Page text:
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National security is paramount but ‘secret courts’ are an illiberal attack on British justice

    Writing for the LibDemVoice website, Lewis Brown examines why the LibDems should welcome Andrew Tyrie and Anthony Peto's report 'Neither Just nor Secure'. 

    In September 2012, the Liberal Democrat Conference voted overwhelmingly against the most contentious aspect of the government’s Justice and Security Bill - the extension of ‘secret courts’, otherwise known as Closed Material Procedures (CMPs), into civil courts.

    CMPs, originally introduced in 1997 for use in the immigration system but subsequently applied to other areas such as control orders and Terrorism Prevention and Investigation Measures, allow the Government to present evidence to a judge without having to disclose it to the whole court, including in some cases the defendant or claimant.

    The Justice and Security Bill seeks to extend this power to general civil courts, allowing ministers to submit a CMP application to a judge that material relating to national security be withheld from the defendant/claimant and their legal team despite being used as evidence. As Andrew Tyrie MP and Anthony Peto QC explain in “Neither Just nor Secure”, published today by the Centre for Policy Studies, this is worrying because “in an adversarial system such as the English one, the right to know and challenge the opposing case is not merely a feature of the system, it is the system”.

    The Conference vote came against the wishes of Lib Dem Party leaders including Nick Clegg, and although the Deputy Prime Minister has previously expressed some hesitancy over the plans, indications are that the Parliamentary Party is prepared to accept the Bill following the House of Lords amendments made in December. The original part of the Bill focusing on CMPs has been shredded by these three amendments:

    1. To provide that the claimant, in addition to the Secretary of State, could apply for a CMP.
    2. To provide the judge with discretion as to whether to order a CMP if he considers that a party to the proceedings would be required to disclose material and that such a disclosure would be damaging to the interests of national security.
    3. To re-insert the judicial balancing test when deciding whether to make a declaration of CMP. The judge weighs harm to national security if material is disclosed against the public interest in fair and open administration of justice.

    While these amendments go some way to addressing the unacceptable nature of the Bill’s CMP proposals, they do not go far enough and an amendment withdrawing the relevant part of the Bill in its entirety was rejected.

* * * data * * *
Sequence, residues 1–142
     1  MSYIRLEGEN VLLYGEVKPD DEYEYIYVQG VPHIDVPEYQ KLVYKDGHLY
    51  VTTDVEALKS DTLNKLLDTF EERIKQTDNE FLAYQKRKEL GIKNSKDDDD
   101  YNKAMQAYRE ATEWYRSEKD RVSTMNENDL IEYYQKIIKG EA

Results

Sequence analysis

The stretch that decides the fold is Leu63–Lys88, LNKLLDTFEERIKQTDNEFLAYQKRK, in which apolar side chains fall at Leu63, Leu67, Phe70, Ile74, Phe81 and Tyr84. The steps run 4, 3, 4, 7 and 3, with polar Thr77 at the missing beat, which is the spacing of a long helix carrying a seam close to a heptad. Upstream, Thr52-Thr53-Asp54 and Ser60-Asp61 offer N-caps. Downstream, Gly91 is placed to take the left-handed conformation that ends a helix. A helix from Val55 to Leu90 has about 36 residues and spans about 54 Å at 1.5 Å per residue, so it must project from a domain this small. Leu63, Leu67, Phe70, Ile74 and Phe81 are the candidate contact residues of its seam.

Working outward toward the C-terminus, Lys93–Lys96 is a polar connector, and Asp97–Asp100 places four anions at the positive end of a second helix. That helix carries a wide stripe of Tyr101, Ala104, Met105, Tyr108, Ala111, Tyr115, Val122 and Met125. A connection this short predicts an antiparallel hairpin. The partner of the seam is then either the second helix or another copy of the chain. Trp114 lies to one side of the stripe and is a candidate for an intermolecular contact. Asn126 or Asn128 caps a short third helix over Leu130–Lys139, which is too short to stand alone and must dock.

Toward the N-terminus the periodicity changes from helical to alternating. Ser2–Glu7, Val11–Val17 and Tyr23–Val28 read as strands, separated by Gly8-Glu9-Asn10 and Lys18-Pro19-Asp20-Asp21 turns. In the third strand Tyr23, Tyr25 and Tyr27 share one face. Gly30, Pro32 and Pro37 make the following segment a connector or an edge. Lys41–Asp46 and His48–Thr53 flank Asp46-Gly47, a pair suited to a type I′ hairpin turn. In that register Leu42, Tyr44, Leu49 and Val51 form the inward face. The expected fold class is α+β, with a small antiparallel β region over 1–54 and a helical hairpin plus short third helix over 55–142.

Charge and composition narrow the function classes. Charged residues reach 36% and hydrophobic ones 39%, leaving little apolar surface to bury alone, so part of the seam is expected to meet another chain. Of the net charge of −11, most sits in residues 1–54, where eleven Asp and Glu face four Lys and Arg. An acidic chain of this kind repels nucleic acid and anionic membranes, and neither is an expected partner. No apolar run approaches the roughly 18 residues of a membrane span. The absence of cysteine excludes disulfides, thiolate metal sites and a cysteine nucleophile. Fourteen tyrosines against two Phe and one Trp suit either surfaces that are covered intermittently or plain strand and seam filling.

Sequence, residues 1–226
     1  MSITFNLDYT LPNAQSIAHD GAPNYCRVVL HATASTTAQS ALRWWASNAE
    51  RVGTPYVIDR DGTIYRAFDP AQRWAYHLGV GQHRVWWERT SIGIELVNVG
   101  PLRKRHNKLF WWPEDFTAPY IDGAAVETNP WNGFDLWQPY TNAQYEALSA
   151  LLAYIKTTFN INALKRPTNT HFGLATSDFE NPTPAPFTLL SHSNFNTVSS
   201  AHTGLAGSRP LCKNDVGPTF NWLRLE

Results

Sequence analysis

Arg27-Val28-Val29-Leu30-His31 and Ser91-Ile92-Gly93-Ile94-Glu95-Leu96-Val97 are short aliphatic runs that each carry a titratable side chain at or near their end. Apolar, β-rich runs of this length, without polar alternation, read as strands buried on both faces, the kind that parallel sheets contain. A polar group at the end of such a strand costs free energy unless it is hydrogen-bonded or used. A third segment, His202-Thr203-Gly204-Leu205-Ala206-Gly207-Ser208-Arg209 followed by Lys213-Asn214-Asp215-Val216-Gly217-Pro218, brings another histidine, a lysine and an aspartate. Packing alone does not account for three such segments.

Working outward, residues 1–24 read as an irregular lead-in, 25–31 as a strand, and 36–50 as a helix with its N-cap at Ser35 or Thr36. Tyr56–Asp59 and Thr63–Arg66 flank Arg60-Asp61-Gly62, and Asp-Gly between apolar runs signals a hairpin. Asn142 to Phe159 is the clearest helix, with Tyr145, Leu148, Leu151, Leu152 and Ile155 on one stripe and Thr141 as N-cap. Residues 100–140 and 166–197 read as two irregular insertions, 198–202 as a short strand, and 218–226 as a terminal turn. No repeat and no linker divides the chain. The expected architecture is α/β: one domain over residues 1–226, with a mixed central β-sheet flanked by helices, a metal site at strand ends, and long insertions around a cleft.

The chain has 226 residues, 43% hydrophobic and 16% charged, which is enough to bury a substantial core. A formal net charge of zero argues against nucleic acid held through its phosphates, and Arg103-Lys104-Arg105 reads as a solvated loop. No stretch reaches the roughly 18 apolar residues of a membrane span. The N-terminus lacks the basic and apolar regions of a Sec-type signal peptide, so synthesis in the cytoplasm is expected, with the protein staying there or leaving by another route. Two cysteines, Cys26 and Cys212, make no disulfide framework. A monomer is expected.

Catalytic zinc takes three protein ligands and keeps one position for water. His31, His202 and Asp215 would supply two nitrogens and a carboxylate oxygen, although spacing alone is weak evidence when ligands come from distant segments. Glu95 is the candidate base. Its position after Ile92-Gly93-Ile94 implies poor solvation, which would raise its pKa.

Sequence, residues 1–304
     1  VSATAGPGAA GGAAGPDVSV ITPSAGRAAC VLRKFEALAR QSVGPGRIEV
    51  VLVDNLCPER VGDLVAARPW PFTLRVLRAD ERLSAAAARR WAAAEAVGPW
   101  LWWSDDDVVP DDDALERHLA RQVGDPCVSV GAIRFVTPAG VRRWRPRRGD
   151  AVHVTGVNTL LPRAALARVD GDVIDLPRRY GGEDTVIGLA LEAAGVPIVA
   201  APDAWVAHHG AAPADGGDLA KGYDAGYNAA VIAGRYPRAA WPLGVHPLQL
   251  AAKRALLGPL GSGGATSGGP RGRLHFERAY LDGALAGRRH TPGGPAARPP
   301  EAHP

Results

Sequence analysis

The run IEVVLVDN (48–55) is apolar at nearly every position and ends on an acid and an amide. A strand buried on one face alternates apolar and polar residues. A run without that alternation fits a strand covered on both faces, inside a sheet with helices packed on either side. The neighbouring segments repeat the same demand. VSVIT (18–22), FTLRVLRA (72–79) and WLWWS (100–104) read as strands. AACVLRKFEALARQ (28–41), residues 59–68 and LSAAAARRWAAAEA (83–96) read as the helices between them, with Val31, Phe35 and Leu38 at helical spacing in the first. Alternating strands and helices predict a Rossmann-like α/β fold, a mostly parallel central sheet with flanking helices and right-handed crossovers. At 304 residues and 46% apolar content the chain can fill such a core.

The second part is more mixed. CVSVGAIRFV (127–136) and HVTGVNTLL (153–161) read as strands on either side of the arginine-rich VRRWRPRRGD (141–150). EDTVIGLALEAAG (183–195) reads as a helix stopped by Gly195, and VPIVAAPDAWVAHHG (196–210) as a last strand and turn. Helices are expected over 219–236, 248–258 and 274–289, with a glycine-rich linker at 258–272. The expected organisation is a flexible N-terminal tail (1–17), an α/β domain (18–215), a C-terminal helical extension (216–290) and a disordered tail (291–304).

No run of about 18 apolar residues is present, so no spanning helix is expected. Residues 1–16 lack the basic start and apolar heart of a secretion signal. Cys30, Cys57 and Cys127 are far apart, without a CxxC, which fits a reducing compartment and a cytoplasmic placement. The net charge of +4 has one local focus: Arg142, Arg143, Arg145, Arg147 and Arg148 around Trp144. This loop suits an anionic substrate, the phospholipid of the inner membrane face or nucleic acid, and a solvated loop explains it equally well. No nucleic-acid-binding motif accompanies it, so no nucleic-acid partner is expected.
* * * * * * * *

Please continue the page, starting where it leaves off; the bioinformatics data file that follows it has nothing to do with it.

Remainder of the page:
The extension of CMPs into civil courts puts at risk two fundamental elements of the common law justice system, the right to a fair hearing (natural justice) and open justice – the principle that a case be heard and decided in public. Though the vast majority of people would recognise the government’s necessity to maintain secrets that would threaten national security, the broad scope of allowing CMPs in civil cases means the potential for great misuse in the future. Parliament’s Joint Human Rights Committee commented:

    After listening to the evidence of the special advocates [specially-trained representatives appointed by the government to represent the defendant or claimant’s interest], we found it hard not to reach for well-worn descriptions of it as ‘Kafkaesque’ or like the Star Chamber.”

    In fact, many Special Advocates have themselves resigned at the unfairness of the system, which prevents them from disclosing material to those they represent, or even communicating with them without the government’s permission. In the Special Advocates’ response to the Green Paper, they concluded:

    The introduction of such a sweeping power could only be justified by the most compelling reasons and, in our view, none exists.”

    To combat the illiberal aspects of the CMP proposals, Tyrie and Peto suggest several further amendments:

    • CMPs must be a last resort; a judge should have to exhaust the possible use of current “Public Interest Immunity” powers before considering the use of a CMP.
    • Even where a CMP is approved, the judge should be able to balance the interests of justice against those of national security in deciding if information should be disclosed.
    • Where CMP is used, summaries of the national security sensitive information should be provided to the excluded party and his or her legal representatives.
    • A sunset clause should be incorporated so that the legislation is limited to five years, unless new legislation is passed to renew it.

    It is clear that by voting for the Bill as it is presently, Liberal Democrat MPs would not just be ignoring the wishes expressed by their grassroots members, but challenging the fundamental principles of open and fair justice in Britain.

    The Liberal Democrats should welcome this report from a senior Conservative backbencher and are in a unique position to force through these vital amendments to the bill. They should not pretend that the current Lords’ amendments are sufficient. It is an opportunity to demonstrate that Lib Dem leadership can really count in the Coalition. 

    An edited version of this post originally appeared on the LibDemVoice website

    Lewis joined the Centre for Policy Studies in April 2011 with responsibility for social media and digital engagement.

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